So much attention is paid to which player will be taken with the first overall pick that it’s easy to forget just how many great players are chosen every year with those other 29 first-round selections. The second overall pick, for example, has been loaded historically with really good players—sometimes even better than the players who were chosen ahead of them. Here’s a complete list of the No. 2 picks in history.
And here’s a look at the best No. 2 picks of all-time:
Alonzo Mourning, 1992, Charlotte Hornets – Orlando made the right decision in taking Shaquille O’Neal first overall, obviously, but Charlotte got a lot out of selecting Alonzo Mourning right behind him. Over the course of his career, ‘Zo won Defensive Player of the Year twice, made the All-Star team seven times and finished among the top three in MVP voting twice. That doesn’t put him on par with O’Neal, but it definitely makes him a strong second overall draft pick.
Gary Payton, 1990, Seattle SuperSonics – Derrick Coleman, the top overall pick in 1990, had a decent career, but Payton was a former Defensive Player of the Year who made nine All-Defensive teams and nine All-Star teams. He also made the Finals four times with three different teams and finally won a ring with Miami in 2006. Coleman had nowhere near as prolific a career.
Bob McAdoo, 1972, Buffalo Braves – McAdoo won the MVP in 1975 and averaged 22.1 PPG and 9.4 RPG for his career, which makes it incredibly egregious that he was selected after LaRue Martin, one of the worst No. 1 picks in league history.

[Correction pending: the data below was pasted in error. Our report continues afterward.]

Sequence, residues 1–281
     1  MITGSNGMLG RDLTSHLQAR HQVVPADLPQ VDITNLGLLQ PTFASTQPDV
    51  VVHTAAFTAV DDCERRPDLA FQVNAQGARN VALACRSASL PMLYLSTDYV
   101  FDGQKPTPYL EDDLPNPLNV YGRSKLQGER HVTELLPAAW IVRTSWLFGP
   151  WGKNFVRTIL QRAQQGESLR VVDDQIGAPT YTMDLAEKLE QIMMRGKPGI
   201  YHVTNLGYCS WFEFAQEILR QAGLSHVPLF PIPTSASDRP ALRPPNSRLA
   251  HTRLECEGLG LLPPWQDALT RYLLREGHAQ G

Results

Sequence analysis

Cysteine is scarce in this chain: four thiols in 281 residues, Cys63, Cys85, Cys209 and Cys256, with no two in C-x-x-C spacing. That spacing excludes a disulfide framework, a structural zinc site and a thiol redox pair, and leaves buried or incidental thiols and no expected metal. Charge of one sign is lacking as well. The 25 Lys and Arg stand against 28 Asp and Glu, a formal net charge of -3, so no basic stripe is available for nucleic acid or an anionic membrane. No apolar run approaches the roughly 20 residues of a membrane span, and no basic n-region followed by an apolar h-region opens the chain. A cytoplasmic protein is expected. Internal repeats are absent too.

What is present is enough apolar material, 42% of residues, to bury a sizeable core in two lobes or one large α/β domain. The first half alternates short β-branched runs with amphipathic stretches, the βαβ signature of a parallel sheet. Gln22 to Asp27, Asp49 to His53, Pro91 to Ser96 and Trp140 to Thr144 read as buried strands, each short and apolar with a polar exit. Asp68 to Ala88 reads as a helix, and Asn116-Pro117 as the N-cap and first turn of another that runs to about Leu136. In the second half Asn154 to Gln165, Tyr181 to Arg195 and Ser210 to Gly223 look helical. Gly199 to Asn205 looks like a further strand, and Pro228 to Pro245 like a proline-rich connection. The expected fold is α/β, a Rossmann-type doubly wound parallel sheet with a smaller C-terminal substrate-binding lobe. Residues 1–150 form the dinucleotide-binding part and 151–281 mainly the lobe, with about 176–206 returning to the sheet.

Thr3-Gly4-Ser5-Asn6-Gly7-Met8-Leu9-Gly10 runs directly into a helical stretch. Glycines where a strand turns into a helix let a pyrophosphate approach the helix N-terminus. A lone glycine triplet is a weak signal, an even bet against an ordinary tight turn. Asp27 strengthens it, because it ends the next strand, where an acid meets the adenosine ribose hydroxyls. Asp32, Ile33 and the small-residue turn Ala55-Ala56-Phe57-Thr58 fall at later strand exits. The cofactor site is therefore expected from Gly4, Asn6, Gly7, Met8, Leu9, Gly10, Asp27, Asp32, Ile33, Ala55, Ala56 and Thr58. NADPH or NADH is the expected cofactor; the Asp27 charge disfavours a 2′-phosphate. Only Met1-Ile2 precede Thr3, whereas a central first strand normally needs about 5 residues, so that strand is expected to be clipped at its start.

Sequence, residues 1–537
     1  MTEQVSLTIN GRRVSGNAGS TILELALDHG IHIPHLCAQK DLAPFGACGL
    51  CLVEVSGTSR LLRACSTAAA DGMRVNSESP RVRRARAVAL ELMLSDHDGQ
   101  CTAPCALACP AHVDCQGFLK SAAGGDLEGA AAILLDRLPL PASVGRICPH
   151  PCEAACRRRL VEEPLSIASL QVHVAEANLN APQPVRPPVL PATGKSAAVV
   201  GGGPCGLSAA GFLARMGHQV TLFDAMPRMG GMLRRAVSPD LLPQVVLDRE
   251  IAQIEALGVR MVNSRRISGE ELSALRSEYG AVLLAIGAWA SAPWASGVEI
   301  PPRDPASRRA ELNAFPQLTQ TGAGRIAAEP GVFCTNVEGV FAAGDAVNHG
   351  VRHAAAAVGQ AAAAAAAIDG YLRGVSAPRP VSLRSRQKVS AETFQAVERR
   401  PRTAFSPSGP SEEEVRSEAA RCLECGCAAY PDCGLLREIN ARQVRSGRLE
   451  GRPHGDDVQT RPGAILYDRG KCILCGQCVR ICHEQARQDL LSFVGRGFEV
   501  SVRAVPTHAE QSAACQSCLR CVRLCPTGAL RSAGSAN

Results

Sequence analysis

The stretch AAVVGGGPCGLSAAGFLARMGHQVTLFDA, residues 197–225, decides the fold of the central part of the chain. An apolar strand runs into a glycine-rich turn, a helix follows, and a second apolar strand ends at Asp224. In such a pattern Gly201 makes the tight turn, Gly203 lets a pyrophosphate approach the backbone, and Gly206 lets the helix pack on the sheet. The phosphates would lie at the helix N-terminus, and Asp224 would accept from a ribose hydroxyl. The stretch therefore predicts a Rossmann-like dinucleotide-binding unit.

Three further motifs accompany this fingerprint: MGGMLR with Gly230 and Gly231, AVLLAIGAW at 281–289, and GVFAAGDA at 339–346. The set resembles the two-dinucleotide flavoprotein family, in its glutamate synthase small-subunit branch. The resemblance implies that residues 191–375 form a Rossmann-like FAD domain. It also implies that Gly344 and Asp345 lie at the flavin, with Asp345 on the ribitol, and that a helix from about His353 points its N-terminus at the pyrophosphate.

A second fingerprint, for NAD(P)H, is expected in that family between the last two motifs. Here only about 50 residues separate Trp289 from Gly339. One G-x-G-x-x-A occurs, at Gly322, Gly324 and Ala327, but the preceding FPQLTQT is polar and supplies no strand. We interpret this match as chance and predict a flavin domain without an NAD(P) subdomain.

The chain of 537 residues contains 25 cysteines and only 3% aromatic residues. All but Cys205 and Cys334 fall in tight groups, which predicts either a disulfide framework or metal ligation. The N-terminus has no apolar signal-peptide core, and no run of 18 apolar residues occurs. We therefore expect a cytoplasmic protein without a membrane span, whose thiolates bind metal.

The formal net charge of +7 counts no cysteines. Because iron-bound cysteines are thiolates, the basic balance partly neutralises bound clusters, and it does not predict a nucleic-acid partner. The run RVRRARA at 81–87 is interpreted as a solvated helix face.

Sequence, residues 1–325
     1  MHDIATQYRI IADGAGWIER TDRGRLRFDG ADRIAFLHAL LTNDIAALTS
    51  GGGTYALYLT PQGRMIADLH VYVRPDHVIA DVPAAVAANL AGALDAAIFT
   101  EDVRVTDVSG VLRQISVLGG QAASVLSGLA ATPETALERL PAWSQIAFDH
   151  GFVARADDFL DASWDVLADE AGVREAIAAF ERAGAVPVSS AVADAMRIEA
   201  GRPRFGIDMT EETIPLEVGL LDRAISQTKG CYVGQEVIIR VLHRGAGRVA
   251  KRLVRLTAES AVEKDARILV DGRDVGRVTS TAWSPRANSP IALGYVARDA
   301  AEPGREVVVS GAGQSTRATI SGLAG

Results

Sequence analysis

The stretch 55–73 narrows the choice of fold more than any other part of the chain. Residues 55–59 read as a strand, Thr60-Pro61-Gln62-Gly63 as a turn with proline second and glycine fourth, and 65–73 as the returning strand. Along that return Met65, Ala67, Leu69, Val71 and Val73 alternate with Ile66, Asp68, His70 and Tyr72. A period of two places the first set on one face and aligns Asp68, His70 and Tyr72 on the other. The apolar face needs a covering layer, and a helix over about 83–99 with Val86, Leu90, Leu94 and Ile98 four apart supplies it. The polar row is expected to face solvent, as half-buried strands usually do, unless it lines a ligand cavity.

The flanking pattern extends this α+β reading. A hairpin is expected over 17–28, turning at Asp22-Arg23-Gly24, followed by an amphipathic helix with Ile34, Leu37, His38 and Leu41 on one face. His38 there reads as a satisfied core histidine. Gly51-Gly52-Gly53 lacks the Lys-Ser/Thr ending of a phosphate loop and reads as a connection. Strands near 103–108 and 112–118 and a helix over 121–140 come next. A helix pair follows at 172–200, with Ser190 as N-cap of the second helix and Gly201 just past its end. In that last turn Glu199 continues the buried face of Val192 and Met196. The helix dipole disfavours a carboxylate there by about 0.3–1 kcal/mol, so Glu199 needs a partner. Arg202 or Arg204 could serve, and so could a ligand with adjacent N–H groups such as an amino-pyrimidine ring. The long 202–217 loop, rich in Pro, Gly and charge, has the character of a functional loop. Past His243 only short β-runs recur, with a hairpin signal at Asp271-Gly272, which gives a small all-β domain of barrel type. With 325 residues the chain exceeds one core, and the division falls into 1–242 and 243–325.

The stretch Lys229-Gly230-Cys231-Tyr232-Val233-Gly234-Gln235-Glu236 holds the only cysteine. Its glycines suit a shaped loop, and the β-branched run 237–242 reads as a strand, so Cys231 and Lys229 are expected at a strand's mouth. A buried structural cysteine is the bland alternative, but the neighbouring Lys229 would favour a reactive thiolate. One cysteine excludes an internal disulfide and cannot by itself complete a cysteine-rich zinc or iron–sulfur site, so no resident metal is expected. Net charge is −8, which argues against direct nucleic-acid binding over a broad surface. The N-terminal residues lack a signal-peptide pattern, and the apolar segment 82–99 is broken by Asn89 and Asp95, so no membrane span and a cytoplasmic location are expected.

Jason Kidd, 1994, Dallas Mavericks – Easily one of the league’s best-ever point guards, Kidd made 10 All-Star teams and four All-Defensive teams, finishing among the top 10 in MVP voting five different times in his career. His lone title with Dallas in 2011 pulled him equal to 1994 top selection Glenn Robinson, who won one with San Antonio in 2005, but Kidd played a much bigger role in getting his ring and had a much better career.
#5 – Isiah Thomas, 1981, Detroit Pistons – Mark Aguirre, chosen No. 1 that year by the Dallas Mavericks, didn’t have a bad career, but he also didn’t have a career anywhere near as successful as that of Isiah Thomas, a two-time champion who was inducted into the Basketball Hall of Fame in 2000. Thomas made 12 straight All-Star teams in the ‘80s and ‘90s was named Finals MVP in 1990. He also was the MVP of two All-Star games and is the Detroit Pistons’ all-time leading scorer. Aguire ended up a teammate of Thomas’ and helped him win his two titles, but he ended up a three-time All-Star, whereas Thomas ended up an NBA legend.
#4 – Kevin Durant, 2007, Seattle SuperSonics – While Durant’s career numbers aren’t quite up to snuff with some of the other No. 2 picks that came before him, he’s one of only four guys on this list with an MVP trophy to his name, and that certainly counts for something. What also counts for something are his four scoring titles, his six All-Star selections, his five All-NBA First Team selections and his Rookie of the Year trophy. That’s an impressive resume for any player, but Durant is still only 26 years old and does still need a ring to be considered truly elite. Assuming he stays healthy, he could end up being one of the game’s all-time great players, and he was chosen one selection behind Greg Oden, who hasn’t been relevant in the league for half a decade.